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Saving the Farm: The Fight to Keep Sprawl From Engulfing Rural America

10:15 AM PST on November 8, 2011

On Streetsblog we talk a lot about the effect of sprawl on cities and suburbs. It forces people to drive everywhere, to the detriment of their physical and financial health. It pollutes the air and drains city budgets.

But sprawl also affects rural places, namely through the loss of farmland. Over the last few decades, Americans traded millions of acres of prime arable land for large lots and surface parking.

Claire Thompson at Grist explored the topic recently with an eye toward what nonprofit farmland trusts are doing to fight back:

Between 1982 and 2007, over 41 million acres of rural land in the United States were developed. That’s 41 million acres of potentially productive agricultural land gone forever — because once farmland is ripped up, paved over, and developed, you can never get it back, not in the same form.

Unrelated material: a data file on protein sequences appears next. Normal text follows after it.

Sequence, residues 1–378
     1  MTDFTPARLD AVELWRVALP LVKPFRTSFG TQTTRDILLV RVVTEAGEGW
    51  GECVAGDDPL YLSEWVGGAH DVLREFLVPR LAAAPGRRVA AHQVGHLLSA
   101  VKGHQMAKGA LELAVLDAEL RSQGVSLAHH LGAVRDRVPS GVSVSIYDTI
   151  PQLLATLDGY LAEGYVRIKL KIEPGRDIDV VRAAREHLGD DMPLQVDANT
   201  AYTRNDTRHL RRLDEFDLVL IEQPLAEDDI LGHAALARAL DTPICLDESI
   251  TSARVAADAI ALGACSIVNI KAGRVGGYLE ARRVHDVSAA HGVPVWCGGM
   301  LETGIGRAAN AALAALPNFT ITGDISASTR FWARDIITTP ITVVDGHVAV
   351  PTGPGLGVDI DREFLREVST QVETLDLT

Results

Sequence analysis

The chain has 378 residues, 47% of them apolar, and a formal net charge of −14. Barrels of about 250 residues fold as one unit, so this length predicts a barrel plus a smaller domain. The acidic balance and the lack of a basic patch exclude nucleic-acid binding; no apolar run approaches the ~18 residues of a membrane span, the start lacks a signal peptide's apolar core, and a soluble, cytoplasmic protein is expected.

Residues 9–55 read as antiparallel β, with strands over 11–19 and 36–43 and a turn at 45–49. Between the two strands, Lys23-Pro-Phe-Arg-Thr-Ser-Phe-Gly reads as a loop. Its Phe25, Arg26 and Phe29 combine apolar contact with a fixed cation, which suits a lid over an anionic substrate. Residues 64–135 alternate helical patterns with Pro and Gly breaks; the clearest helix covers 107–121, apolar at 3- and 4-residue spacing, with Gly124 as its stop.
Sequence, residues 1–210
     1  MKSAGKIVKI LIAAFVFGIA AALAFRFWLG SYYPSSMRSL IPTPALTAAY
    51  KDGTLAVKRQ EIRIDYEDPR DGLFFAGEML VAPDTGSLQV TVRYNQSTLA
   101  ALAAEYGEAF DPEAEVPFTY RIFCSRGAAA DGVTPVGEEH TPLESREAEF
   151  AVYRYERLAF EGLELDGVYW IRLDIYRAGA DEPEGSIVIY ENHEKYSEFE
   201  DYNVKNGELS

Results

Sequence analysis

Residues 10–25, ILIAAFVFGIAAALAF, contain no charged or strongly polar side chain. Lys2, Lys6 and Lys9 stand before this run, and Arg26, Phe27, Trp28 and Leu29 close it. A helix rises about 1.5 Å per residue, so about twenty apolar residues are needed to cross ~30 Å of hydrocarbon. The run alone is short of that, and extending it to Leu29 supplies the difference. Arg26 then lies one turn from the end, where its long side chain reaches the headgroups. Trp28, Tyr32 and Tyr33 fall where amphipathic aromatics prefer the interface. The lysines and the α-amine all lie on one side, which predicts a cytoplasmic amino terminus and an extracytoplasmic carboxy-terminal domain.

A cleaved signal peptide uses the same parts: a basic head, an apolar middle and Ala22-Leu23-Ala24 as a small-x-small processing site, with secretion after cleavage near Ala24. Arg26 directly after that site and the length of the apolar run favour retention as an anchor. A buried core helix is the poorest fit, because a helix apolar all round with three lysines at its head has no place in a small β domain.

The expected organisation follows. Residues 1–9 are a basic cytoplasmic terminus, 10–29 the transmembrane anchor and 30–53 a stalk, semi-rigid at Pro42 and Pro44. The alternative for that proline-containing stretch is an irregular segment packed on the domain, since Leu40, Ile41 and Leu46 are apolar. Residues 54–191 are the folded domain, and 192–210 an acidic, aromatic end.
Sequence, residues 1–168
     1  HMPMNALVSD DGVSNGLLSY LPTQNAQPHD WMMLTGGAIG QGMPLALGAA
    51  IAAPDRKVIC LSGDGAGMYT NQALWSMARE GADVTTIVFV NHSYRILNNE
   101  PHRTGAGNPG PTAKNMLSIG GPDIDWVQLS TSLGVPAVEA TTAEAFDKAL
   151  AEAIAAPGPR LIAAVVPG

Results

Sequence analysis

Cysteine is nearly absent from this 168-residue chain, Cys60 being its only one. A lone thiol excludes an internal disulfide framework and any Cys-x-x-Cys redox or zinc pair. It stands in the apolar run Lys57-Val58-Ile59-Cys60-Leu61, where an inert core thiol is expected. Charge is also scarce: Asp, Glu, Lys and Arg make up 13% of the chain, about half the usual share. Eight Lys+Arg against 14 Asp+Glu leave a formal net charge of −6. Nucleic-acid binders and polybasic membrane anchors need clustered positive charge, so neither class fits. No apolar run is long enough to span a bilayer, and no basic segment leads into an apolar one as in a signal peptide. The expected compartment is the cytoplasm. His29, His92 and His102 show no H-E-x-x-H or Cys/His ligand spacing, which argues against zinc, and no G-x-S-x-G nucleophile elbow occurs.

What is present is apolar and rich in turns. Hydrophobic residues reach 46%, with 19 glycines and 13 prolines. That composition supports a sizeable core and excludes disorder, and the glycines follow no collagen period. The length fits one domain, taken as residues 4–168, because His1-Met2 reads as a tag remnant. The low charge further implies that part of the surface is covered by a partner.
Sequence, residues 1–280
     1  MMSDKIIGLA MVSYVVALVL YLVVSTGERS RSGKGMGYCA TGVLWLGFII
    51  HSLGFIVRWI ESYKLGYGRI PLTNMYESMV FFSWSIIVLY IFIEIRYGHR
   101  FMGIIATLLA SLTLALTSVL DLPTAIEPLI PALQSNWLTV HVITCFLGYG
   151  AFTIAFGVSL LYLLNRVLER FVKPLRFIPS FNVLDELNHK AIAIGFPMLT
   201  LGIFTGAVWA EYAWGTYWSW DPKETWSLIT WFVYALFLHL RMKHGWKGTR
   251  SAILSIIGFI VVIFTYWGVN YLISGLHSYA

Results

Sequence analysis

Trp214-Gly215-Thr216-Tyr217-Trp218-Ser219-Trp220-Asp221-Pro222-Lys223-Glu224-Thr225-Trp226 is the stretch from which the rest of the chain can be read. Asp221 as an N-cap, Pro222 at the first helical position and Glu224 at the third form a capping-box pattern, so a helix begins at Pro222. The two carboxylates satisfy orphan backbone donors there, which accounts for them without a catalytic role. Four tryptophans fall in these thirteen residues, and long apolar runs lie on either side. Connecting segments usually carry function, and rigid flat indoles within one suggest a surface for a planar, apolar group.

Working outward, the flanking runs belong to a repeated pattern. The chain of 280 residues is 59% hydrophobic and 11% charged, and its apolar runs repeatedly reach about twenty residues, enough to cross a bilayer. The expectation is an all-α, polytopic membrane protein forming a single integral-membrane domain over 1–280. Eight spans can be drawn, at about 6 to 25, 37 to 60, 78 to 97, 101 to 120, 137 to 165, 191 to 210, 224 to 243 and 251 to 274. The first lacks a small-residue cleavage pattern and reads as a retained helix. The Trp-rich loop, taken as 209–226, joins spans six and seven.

“We’ve become a little casual about our attitude about farmland,” said Dennis Canty, director of the Pacific Northwest regional office of the American Farmland Trust (AFT). He’s seen the Puget Sound region of Washington lose 60 percent of its farmland since 1950. Much of the loss occurs around the edges of cities and towns, where the qualities that make land ideal for farming — like being located in a broad, flat valley — also catch developers’ eyes. Suburban development gobbles up para-urban farmland, while land farther out turns into hobby farms or weekend retreats for city dwellers.

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